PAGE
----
Ontogeny and Reproduction

Gestation Period: 140 days.
Young per Birth: In the first year 1, subsequently 2 is normal.
Weaning: At 3-4 months.
Sexual Maturity: Females at 8 months, males at 20 months.
Life span: 6-10 years.

Births occur at the end of March and beginning of April, with all the females in a herd dropping their calves within a few days.  After birth, the young lie concealed and immobile for the first three days, moving around, bleating, and eating a bit of green food from the fourth day of life.

Antelopehttp://i2.wp.com/plexusworld.com/wp-content/uploads/springbok-silhouette-mist-kgalagadi-park-south-africa-sunset.jpg?fit=1024%2C1024http://i2.wp.com/plexusworld.com/wp-content/uploads/springbok-silhouette-mist-kgalagadi-park-south-africa-sunset.jpg?resize=150%2C150 angelsujimeena WorldWildLife,,,,,,,,,,,,,,,,,,,,,,,,,,,,,,,
The antelope is a deer-like mammal found in Africa, Asia and parts of the Americas. There are many different species of antelope including the tiny Royal antelope that stands at the height of a rabbit! Unlike deer that renew their horns annually, the antelope has strong permanent horns, that antelope...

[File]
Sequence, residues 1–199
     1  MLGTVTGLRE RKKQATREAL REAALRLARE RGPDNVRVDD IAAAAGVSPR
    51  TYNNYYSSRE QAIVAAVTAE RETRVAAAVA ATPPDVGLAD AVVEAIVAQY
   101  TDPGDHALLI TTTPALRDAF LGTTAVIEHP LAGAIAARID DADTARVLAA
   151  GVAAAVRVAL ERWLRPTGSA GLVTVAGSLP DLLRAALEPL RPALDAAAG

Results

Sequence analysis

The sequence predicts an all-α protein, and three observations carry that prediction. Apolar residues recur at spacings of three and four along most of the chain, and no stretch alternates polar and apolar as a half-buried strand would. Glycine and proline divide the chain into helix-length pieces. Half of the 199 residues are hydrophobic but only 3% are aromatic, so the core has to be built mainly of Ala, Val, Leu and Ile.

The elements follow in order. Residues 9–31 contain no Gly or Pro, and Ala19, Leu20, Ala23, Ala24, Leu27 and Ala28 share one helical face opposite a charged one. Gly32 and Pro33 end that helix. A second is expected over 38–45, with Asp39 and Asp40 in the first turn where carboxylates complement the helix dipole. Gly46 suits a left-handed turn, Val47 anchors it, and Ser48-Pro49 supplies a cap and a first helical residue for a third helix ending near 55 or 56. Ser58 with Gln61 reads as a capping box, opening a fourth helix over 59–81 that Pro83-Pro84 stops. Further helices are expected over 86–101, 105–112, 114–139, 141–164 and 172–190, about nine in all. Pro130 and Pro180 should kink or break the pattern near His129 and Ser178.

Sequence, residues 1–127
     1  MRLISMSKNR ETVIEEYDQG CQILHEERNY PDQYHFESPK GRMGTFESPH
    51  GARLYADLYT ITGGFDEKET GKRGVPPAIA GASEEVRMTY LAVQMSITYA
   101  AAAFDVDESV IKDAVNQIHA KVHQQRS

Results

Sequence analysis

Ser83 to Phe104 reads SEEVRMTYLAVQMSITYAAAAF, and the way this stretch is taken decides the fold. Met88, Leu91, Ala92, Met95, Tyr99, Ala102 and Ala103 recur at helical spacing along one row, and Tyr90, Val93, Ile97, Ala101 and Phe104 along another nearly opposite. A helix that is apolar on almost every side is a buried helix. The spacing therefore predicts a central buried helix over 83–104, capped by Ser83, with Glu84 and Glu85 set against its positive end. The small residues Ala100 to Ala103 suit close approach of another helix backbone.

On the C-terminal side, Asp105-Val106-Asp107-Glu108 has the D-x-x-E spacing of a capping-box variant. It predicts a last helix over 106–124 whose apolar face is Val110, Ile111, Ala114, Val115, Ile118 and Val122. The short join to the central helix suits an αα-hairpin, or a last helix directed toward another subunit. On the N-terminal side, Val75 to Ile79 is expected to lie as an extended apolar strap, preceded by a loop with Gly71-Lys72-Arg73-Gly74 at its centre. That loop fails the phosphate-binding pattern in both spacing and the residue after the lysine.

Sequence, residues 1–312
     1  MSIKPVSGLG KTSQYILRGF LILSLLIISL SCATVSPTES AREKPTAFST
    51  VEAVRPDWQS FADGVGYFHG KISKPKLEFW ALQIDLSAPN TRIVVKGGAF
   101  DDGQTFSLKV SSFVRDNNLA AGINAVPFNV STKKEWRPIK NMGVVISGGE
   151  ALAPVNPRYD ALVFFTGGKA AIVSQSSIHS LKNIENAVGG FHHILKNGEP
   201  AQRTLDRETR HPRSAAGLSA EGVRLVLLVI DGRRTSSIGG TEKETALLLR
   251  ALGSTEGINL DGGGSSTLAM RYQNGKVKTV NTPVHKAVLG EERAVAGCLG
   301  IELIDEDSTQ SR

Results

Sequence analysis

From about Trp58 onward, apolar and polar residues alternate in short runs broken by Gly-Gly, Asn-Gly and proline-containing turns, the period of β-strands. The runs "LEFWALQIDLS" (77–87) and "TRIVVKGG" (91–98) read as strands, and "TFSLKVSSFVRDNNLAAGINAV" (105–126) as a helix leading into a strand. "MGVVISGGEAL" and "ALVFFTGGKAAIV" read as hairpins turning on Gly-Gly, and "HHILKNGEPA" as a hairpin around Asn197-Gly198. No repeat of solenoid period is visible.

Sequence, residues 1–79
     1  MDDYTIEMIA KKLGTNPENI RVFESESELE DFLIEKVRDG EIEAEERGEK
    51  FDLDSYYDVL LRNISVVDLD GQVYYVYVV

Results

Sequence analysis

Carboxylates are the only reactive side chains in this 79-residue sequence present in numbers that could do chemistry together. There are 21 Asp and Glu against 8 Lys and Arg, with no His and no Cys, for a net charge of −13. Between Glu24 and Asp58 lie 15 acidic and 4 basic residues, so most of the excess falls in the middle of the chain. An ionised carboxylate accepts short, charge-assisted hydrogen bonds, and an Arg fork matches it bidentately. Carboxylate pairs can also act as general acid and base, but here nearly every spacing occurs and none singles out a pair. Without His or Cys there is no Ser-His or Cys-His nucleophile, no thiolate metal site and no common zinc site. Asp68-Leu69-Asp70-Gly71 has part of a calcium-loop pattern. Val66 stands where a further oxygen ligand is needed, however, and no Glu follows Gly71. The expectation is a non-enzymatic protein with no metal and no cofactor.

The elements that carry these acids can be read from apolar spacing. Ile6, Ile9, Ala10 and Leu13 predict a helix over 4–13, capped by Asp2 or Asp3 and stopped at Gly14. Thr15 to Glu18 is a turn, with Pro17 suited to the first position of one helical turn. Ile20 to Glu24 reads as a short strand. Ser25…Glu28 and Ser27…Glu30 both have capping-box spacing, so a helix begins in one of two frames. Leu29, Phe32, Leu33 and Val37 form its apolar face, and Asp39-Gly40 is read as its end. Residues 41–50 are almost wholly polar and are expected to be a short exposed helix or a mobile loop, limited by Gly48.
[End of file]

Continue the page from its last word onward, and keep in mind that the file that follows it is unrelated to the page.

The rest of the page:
The <strong>antelope</strong> is a deer-like mammal found in <strong>Africa, Asia</strong> and <strong>parts of the Americas</strong>. There are many different species of <strong>antelope</strong> including the tiny Royal antelope that stands at the height of a rabbit! Unlike deer that renew their horns annually, the <strong>antelope</strong> has strong permanent horns, that antelope mainly use to defend their herd or to fight other antelopes. An <strong>antelope</strong> tends to get to between 8 and 10 years old in the wild although they have been known to live for longer when kept in captivity. Many <strong>antelope</strong> individuals however, wouldn't last into old age in the wild as <strong>antelope</strong> are a key target for many large carnivorous mammals. If the <strong>antelope</strong> was old then the <strong>antelope</strong> would naturally be slower at running from danger. The <strong>antelope</strong> is one of the many medium-sized mammals holding the African food chain together. The <strong>antelope</strong> may only graze on grasses but it is a stable food source for many of Africa's large carnivorous predators, such as <strong>lions, hyenas and crocodiles.</strong> <strong>Antelope</strong> display different defensive behaviors based on their size, habitat, number and species. The smaller solitary antelope tend to live in dense forested areas and these species of <strong>antelope</strong> defend themselves by hiding. The <strong>duiker antelopes</strong> get their name from this specie's ability to dive into the vegetation. <strong>Gazelle-sized antelope</strong> run and leap, and some species of <strong>antelope</strong> exhibit their unique behavior of pronking or stotting. Large <strong>antelope</strong> congregate in larger herds and can depend on running as group defense. The <strong>antelope</strong> is found in a wide range of habitats, typically woodland, forest, savannah, grassland plains, and marshes. Several species of antelope have adapted to living in the mountains and rocky outcrops, a few species of <strong>antelope</strong> have adapted to deserts (both hot and cold), and a couple of species of <strong>antelope</strong> are even semi-aquatic and these <strong>antelope</strong> live in swamps. After mating, female antelopes give birth to a single calf or, more rarely, twins, after a gestation period that can last up to eight months. A mother and her newborn calf are vulnerable to predators, and antelopes have had to evolve different strategies for surviving this period. For most <strong>antelope</strong> species, the female gives birth in dense cover and leaves the calf while she feeds. The calf comes to its mother when she calls it, and once fed, the calf will hide away again. Once in its hiding place, the calf remains completely still and will run away only if it is on the verge of being discovered. <h2>Antelope Facts</h2> <strong>Antelopes</strong> are large and diverse group of animals of the cow family (Bovidae). They live in Africa, Asia, Middle East and North America. <strong>Antelopes</strong> can be found in grasslands, mountains, deserts and wetlands. There are 90 different species of <strong>antelopes</strong>. 25 of them are endangered. Poaching and loss of habitat are main reasons why they are faced with extinction. <h2>Habitat and Distribution (where they are found)</h2> About 100 different species, or kinds, of <strong>antelope</strong> are found in Africa, and a few kinds are found in Asia and North America. No <strong>antelopes</strong> are native to Australia or New Zealand. <strong>Antelopes</strong> live in a variety of habitats. Most live on grasslands, such as eland and kudu. <ul> <li>on mountains, such as the <strong>klipspringer</strong>;</li> <li>in wetlands, such as the <strong>waterbuck</strong>;</li> <li>in deserts, such as the <strong>addax</strong> and <strong>oryx</strong>.</li> </ul> <h2>Horns</h2> All the different kinds of antelope have horns. In some kinds of antelope, only the males have horns. In some kinds of <strong>antelope</strong> both the males and females have horns. <strong>Antelope</strong> horns come in a huge variety of sizes and shapes. They can be spiralled, twisted, curved or straight. The largest belong to the male Greater <strong>kudu</strong> (say koo doo), which has horns that can grow to almost 2 m in length. Whatever the size and shape, the horns grow around two bony stumps on the antelope's skull. The horns are hard and hollow.They are made mostly of keratin, which is what human hair and nails are made of. The horns grow all through the antelope's life, and do not fall off. If an antelope horn breaks, generally through fighting, it does not grow back. Antelopes use their horns for defence against predators. Males also use them when they fight other males to become important in the herd or to court a female antelope. <strong>Antelope horns</strong> are different from a deer's antlers, which are solid bone and which the male deer shed and re-grow each year. <h2>Hooves</h2> Antelopes' feet are hooves. Each is split in the middle so they are like two toes. The size of the feet generally depend on habitat. Sitatungas live in swamps and have very wide hooves so they don't slip in the mud. Some, like the Oryx, have wide hooves to stop them sinking in the sand of the deserts where they live. Some antelopes have tiny rounded hooves to help them move more easily in rocky areas. <h2>Diet</h2> Antelopes are herbivores, or plant eaters. Those sharing a habitat generally eat different plants or different parts of plants so they do not compete with each other for food. Because of the way they digest plants they eat, antelopes are ruminants. <h2>Social Behaviour</h2> Most kinds of antelope live in herds for safety. Some herds are huge. Some kinds do not live in herds because where they live food is hard to find, so it is easier to find enough food if they are alone or in small groups. Antelopes have excellent senses and are alert in order to look out for predators. Most kinds of antelope are fast runners, and escape predators with great leaps. The fastest can reach speeds of about 95 km per hour. However, antelope species living in arid, or desert, areas do not run as fast as others because they have wide feet for easier movement on the desert sand. The addax and oryx antelopes live in arid deserts. They travel many kilometres in their search for food. They have special features to help them survive in this harsh habitat. They drink very little, but eat at night when it is cooler and the plants are wet with dew. They pass little moisture out of their bodies. To cope with extreme heat, their bodies have a system of cooling the blood before it goes to the brain. Their fur is generally paler on their underside to reflect ground heat away from the stomach. <h2>Mating Strategies</h2> <strong>Antelope</strong> are often classified by their reproductive behavior. Small antelope, such as dik-diks, tend to be monogamous. They live in a forest environment with patchy resources, and a male is unable to monopolize more than one female due to this sparse distribution. Larger forest species often form very small herds of two to four females and one male. Some species, such as lechwes, pursue a lek breeding system, where the males gather on a lekking ground and compete for a small territory, while the females appraise males and choose one with which to mate. Large grazing antelope, such as impala or wildebeest, form large herds made up of many females and a single breeding male, which excludes all other males, often by combat. <h2>Status</h2> About 25 species are rated by the IUCN as endangered,<sup id="cite_ref-10"></sup> such as the dama gazelle and mountain nyala. A number of subspecies are also endangered, including the giant sable antelope and the mhorr gazelle. The main causes for concern for these species are habitat loss, competition with cattle for grazing, and trophy hunting. The chiru or Tibetan antelope is hunted for its pelt, which is used in making <i>shahtoosh</i>, an incredibly fine material used in shawls. Since the fur can only be removed from dead animals, and each animal yields very little of the downy fur, several antelope must be killed to make a single shawl. This unsustainable demand has led to enormous declines in the chiru population. The saiga antelope is hunted for its horns, which are considered an aphrodisiac by some cultures. Only the males have horns, and have been so heavily hunted, some herds contain up to 800 females and a male. The species has shown a steep decline and is critically endangered. <h2>Life Cycle</h2> Antelope females give birth somewhere between 4-9 months after mating, depending on what species they are. The calves are cleaned, fed and settled in a secret spot after they are born. The mothers leave the calves, and visit every few hours to feed and clean them. They do this so that they do not lead predators to their calves. The calves stay motionless when they are alone, camouflaged in the undergrowth. After a few weeks they join the herd. The calves are generally very independent, spending more time together than with their mothers. <h2>Interesting Antelope Facts</h2> <ul> <li><strong>Antelopes</strong> vary in size and shape. Largest antelope is Eland (6 feet tall, weigh up to 1450 pounds) while the smallest is Royal antelope, sized like a rabbit (10-12 inches in height).</li> <li>All <strong>antelopes</strong> have even-toed hooves, horizontal pupils, stomach adapted for re-chewing of the food (they are ruminants, just like all cows) and bony horns.</li> <li><strong>Bony horns</strong> vary in shape and size. They can be straight, spiral, curved or twisted. Antelopes use horns for fight against other antelopes during mating season and to protect themselves, or the herd, from the predators.</li> <li><strong>Antelopes</strong> don't replace their horns annually. They grow continuously throughout their entire life.</li> <li>Horns are typical for all males, but they could be seen in some females also (usually in larger antelopes like Eland or Roan).</li> <li>Few Asian antelope species have 4 instead of two horns.</li> <li>Horns in some species may grow up to 5 feet in length.</li> <li><strong>Antelopes</strong> are herbivores; they eat grass, shots and seeds.</li> <li>They live in the large groups called herds.</li> <li><strong>Antelopes</strong> have extremely developed senses which help them detect predators while they still have time to escape.</li> <li>They are quick runners; some of them can reach up to 43 miles per hour. Largest antelope (Eland) is the slowest.</li> <li>Male <strong>antelopes</strong> are called bucks, females - does and young <strong>antelopes</strong> - calves.</li> <li>Depending on the species, 4-9 months after mating season, baby <strong>antelope</strong> will be born. Baby <strong>antelope</strong> is an easy target and mother keeps it on the secret location until it becomes stronger.</li> <li>When young <strong>antelopes</strong> join the large group, they spend most of their time with other youngsters in the herd.</li> <li><strong>Antelopes</strong> live around 10 years in the wild and up to 20 years in captivity.</li> </ul> <h2>Roan antelope (Hippotragus equinus)</h2> The name "roan" is likely of the same origin as the species name <i>equinus</i>: the colour roan, a grizzled mahogany, is also seen in horses.  Antelope is from <i>anthalops</i> (Greek) a horned animal, probably an antelope.  Another possibility, and also possibly the stem of <i>anthalops</i>, is <i>anthos</i> (Greek) a flower and <i>ops</i> (Greek) the eye which seems to refer to the large, beautiful eyes of these ungulates.  <i>Hippos</i> (Greek) a horse; <i>tragos</i> (Greek) a he-goat.  <i>Equus</i> (Latin) a horse, thus <i>equinus</i> - relating to horses. <h4><big>General Characteristics</big></h4> <em>Body Length</em>: 220-265 cm / 7.3-8.8 ft. <em>Shoulder Height</em>: 140-160 cm / 4.6-5.3 ft. <em>Tail Length</em>: 60-70 cm / 2-2.3 ft. <em>Weight</em>: 225-300 kg / 495-660 lb. The upper body is grizzled grey to roan in colour with the legs darker.  The underparts are white.  On the face there is a black/brown and white facial mask, slightly lighter in females, that consists of a white spot on either side of the eye and a white muzzle.  On the neck and withers is an erect, dark-tipped mane, while a light 'beard' is present on the throat.  A long tuft of dark hair is present on the tips of the ears.  The arched, ringed horns are found in both sexes, though slightly smaller in females, grow 60-100 cm / 2-3.3 feet long. <h4><big>Ontogeny and Reproduction</big></h4> <em>Gestation Period</em>: 268-280 days. <em>Young per Birth</em>: 1 <em>Weaning</em>: 4-6 months. <em>Sexual</em> <em>Maturity</em>: At 2.5-3 years. <em>Life span</em>: Up to 17 years. There does not appear to be a specific breeding season for this species.  Females become sexually receptive within three weeks of giving birth, and are capable of reproducing every 10-10.5 months.  A pregnant female will separate from her herd prior to giving birth, and remain with her new calf for about five days afterwards.  After the female has rejoined the herd, the young calf remains concealed for five more weeks, subsequently joining a 'creche' with other youngsters in the herd. <h2>The Eland (Taurotragus Oryx)</h2> The Eland is the world's largest antelope. Males have twisted horns which are thick and tightly spiralled, growing up to 25" in females and to 50" in males. Eland belong to the same group as kudus, nyala and bushbuck. Eland are found in grassland, mountain, sub-desert, acacia savannah and miombo woodland areas. Herbivorous, they feed in areas where shrubs and bushes provide the leaves they prefer. They use their horns to bring twigs and branches into reach. Also known to consume tuberous roots. <b>Family:</b> Antelope <b>Size:</b> About 70 inches <b>Weight:</b> 1,300 to 1,500 pounds <b>Reproduction:</b> Single young are born any time of the year. <b>Gestation:</b> Gestation is 9 months. <h2>Saiga antelope - Saiga tatarica</h2> <h4><big>General Characteristics</big></h4> <em>Body Length</em>: 108-146 cm / 3.6-4.8 ft. <em>Shoulder Height</em>: 60-80 cm / 2-2.6 ft. <em>Tail Length</em>: 6-13 cm / 2.4-5.2 in. <em>Weight</em>: 21-51 kg / 46-112 lb. The coat is composed of a wooly underlayer and a coarse set of bristly hairs which protect the saiga antelope from the elements.  The cinnamon-buff summer coat is comparatively sparse compared to the virtually white winter coat, which may be up to twice as long and 70 percent thicker.  The underparts, including the underside of the tail, are always light.  There is a small mane on the underside of the neck.  Only one word can describe the face of the saiga - bulging.  The most notable feature is the inflatable, humped nose which looks similar to that of tapirs or dik-diks.  This fleshy proboscis has a wide range of mobility and a unique internal structure, with convoluted bones, and numerous hairs and mucous-secreting glands.  The large nose is functional throughout the year, filtering out airborne dust during the summer migrations and heating the air before it reaches the lungs during the icy winters.  The eyes of the saiga, when viewed from straight on, appear to stand out on small, bony protrusions.  The thick body is supported by spindly legs.  Males alone bear the semi-translucent, wax-coloured horns which grow 20-25 cm / 8-10 inches long.  Almost vertical, the slightly lyrate horns are ringed on their lower two-thirds. <h4><big>Ontogeny and Reproduction</big></h4> <em>Gestation Period</em>: 140 days. <em>Young per Birth</em>: In the first year 1, subsequently 2 is normal. <em>Weaning</em>: At 3-4 months. <em>Sexual</em> <em>Maturity</em>: Females at 8 months, males at 20 months. <em>Life span</em>: 6-10 years. Births occur at the end of March and beginning of April, with all the females in a herd dropping their calves within a few days.  After birth, the young lie concealed and immobile for the first three days, moving around, bleating, and eating a bit of green food from the fourth day of life.